“We’ve bought into the notion that’s it’s exclusively our responsibility as parents to fund our kids’ education,” Edoga says. “But it’s very important to have conversations as early as possible about the choices they’re making regarding school, and the financial discipline it takes to make those choices a reality.”
You can arrange with your bank to have a fixed amount come off of each paycheck into a dedicated savings account. Conversely, most banks have savings accounts that cater specifically to students (for example, no monthly fees). Check with your branch for the best options available to your family.
Prepaid Tuition Plan
If you’re looking for a “buy now, save later” system and think your children will attend in-state colleges, a prepaid tuition plan allows you to pre-purchase tuition at a current fixed rate, so the price won’t go up once they’re ready to attend school.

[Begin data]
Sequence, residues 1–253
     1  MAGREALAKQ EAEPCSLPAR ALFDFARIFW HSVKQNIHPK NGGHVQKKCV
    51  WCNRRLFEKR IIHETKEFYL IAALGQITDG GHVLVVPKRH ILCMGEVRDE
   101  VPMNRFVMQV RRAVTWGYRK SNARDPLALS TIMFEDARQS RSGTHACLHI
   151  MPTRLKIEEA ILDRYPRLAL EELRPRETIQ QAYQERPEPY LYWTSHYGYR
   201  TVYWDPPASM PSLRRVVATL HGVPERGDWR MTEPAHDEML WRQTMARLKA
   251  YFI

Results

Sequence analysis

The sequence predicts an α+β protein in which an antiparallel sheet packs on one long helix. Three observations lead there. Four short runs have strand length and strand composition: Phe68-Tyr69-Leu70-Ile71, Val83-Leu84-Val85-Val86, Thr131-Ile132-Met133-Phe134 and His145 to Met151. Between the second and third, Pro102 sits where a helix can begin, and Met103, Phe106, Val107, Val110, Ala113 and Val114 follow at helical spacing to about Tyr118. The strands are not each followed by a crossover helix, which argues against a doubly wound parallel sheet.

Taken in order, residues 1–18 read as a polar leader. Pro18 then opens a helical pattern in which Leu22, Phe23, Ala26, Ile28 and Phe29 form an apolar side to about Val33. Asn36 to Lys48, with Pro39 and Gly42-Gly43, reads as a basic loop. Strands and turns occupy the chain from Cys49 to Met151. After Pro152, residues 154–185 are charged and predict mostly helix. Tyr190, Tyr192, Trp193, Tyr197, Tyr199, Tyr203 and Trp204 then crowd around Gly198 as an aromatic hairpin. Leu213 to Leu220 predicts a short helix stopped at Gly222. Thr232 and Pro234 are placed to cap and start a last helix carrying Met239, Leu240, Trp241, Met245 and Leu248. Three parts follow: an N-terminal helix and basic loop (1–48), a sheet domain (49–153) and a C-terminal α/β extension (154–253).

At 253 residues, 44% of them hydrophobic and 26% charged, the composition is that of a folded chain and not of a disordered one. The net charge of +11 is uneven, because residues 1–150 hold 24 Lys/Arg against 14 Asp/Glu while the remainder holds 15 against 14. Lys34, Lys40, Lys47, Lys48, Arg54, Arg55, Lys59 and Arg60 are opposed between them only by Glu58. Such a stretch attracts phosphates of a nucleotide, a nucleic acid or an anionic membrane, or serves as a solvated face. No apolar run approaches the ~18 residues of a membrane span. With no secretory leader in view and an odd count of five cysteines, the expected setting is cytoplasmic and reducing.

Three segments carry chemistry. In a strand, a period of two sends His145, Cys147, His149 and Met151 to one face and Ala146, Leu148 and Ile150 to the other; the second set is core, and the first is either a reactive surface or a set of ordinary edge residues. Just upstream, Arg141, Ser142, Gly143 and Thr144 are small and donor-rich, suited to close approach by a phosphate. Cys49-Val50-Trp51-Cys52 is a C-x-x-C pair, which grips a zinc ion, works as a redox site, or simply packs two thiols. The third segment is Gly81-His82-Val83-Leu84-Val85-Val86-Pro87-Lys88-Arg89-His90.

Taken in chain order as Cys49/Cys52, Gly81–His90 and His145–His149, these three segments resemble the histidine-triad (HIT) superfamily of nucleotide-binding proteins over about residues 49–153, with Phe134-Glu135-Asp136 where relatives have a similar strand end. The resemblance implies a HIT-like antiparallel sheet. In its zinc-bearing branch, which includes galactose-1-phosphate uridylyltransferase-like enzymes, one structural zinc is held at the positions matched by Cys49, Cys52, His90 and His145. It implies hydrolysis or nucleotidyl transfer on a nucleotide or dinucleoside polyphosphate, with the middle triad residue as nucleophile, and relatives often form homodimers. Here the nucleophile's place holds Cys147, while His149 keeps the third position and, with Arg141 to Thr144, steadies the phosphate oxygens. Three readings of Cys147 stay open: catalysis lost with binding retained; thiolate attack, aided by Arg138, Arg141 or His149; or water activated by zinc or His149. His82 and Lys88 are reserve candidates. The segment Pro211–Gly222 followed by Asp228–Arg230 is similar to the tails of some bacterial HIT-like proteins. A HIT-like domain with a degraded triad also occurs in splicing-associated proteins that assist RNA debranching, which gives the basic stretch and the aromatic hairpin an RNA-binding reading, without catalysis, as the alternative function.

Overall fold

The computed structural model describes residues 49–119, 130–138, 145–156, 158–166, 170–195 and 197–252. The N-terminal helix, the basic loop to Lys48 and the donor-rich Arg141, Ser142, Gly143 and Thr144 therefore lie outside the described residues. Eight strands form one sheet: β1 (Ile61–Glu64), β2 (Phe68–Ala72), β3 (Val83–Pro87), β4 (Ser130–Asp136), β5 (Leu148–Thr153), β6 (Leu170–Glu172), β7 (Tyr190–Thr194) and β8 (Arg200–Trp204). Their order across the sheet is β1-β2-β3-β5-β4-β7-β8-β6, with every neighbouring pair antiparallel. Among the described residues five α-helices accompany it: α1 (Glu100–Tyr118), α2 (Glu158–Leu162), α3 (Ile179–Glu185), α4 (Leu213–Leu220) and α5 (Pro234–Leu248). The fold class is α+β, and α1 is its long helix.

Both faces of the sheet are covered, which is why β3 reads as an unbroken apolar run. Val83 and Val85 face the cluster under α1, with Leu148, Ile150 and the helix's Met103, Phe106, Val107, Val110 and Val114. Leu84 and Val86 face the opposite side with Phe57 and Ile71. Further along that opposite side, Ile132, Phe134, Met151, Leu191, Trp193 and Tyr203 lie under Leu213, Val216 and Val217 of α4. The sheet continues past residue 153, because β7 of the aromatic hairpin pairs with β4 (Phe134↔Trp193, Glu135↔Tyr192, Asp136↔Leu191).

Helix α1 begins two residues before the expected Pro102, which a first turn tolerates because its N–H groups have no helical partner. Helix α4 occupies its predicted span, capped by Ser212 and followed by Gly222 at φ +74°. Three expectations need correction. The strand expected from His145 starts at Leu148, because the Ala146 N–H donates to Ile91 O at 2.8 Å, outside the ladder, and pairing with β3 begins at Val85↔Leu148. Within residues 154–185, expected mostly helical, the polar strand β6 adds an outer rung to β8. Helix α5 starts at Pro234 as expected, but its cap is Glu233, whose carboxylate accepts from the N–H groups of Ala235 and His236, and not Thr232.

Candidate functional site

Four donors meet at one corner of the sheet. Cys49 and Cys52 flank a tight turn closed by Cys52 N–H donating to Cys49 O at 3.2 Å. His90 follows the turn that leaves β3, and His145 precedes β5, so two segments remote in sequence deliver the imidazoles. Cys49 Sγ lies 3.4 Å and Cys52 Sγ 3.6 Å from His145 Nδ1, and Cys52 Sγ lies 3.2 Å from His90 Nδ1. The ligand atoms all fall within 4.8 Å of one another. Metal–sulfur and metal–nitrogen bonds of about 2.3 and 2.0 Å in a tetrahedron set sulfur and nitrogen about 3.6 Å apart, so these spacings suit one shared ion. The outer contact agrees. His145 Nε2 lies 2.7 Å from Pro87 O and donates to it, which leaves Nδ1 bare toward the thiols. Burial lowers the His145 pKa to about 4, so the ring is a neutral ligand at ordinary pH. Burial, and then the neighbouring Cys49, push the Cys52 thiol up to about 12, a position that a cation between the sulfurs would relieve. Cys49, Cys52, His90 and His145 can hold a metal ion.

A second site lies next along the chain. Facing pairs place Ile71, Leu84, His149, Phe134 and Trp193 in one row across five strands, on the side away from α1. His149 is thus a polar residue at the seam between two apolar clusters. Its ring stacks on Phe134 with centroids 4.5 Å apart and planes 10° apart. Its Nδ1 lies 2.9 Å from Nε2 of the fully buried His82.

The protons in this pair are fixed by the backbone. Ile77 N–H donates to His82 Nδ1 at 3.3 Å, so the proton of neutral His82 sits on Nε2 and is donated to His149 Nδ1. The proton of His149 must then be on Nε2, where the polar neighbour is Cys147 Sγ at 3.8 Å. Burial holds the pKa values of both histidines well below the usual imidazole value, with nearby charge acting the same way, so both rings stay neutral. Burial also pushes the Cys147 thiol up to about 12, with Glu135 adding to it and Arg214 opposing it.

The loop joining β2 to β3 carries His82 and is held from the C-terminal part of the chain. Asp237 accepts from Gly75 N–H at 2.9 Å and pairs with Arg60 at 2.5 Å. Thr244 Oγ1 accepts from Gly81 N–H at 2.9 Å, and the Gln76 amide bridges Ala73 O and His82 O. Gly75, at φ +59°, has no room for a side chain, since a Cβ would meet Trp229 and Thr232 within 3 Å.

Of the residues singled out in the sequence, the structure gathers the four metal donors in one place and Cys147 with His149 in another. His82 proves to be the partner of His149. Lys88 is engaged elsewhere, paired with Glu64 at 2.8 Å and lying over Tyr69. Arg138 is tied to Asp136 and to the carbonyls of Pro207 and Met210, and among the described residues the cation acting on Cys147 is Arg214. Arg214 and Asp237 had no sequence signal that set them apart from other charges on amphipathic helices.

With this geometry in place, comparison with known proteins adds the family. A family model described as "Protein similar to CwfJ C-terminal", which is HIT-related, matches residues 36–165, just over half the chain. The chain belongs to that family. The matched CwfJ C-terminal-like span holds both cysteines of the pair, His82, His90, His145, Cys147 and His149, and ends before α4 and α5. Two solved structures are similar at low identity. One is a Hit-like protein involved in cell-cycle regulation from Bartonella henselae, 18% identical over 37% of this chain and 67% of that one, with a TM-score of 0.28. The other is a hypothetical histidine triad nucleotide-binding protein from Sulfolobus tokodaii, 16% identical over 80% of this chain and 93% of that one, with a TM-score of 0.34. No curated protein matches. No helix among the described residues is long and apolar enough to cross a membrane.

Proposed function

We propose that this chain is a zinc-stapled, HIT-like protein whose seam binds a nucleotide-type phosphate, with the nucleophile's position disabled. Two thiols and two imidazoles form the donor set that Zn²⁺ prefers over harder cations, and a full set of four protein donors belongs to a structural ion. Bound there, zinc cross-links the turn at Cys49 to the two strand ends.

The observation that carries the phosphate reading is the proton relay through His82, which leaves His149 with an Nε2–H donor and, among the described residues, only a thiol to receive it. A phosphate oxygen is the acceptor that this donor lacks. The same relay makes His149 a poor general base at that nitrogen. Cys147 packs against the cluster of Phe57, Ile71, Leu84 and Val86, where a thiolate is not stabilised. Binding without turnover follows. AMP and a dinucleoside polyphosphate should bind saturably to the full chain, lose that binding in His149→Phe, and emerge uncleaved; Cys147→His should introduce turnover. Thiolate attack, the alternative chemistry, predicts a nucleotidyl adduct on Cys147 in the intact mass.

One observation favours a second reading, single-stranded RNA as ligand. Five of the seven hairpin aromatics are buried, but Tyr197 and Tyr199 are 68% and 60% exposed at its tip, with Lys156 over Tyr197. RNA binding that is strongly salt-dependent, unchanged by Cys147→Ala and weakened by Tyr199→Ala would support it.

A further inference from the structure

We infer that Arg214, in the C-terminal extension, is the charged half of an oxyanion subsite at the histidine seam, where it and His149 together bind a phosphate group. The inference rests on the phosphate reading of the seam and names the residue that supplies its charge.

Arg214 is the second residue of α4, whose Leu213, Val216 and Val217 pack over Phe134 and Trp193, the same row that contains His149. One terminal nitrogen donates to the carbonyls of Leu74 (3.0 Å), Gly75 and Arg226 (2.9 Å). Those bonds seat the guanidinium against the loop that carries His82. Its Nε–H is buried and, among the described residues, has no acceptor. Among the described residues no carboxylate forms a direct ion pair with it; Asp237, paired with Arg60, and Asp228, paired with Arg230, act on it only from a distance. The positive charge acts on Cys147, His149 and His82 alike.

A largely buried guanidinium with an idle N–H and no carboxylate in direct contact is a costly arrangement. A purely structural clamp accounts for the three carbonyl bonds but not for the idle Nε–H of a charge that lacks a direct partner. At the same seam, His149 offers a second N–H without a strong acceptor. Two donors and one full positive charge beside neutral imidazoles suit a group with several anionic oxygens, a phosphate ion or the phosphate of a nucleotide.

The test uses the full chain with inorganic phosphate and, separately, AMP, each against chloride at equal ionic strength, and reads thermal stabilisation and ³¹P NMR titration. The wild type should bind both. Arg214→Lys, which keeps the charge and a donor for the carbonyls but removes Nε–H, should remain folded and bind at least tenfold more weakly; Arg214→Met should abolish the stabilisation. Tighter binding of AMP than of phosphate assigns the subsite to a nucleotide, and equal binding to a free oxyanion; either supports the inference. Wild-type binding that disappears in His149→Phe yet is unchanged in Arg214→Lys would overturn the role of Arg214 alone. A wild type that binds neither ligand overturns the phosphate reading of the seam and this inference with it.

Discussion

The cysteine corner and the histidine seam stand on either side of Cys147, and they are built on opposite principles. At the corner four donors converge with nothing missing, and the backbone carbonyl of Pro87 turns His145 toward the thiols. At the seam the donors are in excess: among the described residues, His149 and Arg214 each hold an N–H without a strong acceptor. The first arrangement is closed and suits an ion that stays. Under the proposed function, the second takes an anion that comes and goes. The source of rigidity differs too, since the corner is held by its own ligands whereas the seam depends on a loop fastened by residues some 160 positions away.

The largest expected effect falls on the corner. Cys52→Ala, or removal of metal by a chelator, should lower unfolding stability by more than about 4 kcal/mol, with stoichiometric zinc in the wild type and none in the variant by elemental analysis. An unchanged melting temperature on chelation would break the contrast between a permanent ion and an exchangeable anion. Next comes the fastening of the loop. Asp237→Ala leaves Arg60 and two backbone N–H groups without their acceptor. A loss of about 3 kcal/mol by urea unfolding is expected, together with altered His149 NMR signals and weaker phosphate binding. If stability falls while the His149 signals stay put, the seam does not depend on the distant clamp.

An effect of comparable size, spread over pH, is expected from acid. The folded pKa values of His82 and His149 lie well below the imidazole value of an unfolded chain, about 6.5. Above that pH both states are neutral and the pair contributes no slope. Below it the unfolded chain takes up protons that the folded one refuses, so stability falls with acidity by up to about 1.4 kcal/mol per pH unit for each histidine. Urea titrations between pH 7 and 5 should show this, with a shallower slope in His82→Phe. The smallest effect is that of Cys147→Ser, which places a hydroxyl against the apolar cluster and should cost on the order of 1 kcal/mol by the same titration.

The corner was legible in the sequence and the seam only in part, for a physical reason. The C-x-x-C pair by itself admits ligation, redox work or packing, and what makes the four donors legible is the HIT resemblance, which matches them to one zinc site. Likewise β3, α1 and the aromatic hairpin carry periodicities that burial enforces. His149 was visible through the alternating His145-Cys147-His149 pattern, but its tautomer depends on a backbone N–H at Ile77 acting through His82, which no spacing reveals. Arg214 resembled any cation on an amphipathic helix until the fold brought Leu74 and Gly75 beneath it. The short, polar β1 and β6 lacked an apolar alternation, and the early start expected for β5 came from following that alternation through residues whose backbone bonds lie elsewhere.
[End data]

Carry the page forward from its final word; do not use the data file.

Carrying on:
With a prepaid plan, you’ll have to consider age and timing. “Some plans want you to lock in for at least 3 years before you can use the money,” Edoga says. “In other cases, the beneficiary has to be at least 15 years old or younger when you start the plan. It all depends on the institution’s criteria.”
An Educational Trust
A trust can be used when someone holds funds on behalf of another person, with the intention of eventually handing the money over.
With an educational trust, there would be a stipulation that assets must be put towards the recipient’s education. Just ensure that the beneficiary is aware that they could be taxed on trust fund earnings.
Even if you haven’t had the chance to start saving for your child’s college education, it’s never too late to start. With dedication, strategy and hard work, anything you can accrue between now and his first day of school will likely be tax-free (depending on the savings plan you’ve selected) and can be used towards other expenses.